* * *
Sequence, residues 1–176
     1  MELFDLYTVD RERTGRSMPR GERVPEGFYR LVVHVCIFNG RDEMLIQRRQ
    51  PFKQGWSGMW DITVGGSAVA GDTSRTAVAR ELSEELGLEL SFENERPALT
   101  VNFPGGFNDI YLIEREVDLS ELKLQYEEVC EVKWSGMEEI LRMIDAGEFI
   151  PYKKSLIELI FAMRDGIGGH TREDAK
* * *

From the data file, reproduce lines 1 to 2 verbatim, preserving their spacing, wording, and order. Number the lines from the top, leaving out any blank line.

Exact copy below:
Sequence, residues 1–176
     1  MELFDLYTVD RERTGRSMPR GERVPEGFYR LVVHVCIFNG RDEMLIQRRQ